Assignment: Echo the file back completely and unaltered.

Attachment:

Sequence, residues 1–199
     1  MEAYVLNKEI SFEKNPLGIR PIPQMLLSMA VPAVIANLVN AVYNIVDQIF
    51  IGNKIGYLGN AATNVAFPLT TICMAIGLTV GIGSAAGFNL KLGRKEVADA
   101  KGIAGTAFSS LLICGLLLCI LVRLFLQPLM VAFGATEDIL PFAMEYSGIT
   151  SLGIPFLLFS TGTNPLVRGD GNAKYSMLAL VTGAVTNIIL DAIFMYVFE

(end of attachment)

Sequence, residues 1–199
     1  MEAYVLNKEI SFEKNPLGIR PIPQMLLSMA VPAVIANLVN AVYNIVDQIF
    51  IGNKIGYLGN AATNVAFPLT TICMAIGLTV GIGSAAGFNL KLGRKEVADA
   101  KGIAGTAFSS LLICGLLLCI LVRLFLQPLM VAFGATEDIL PFAMEYSGIT
   151  SLGIPFLLFS TGTNPLVRGD GNAKYSMLAL VTGAVTNIIL DAIFMYVFE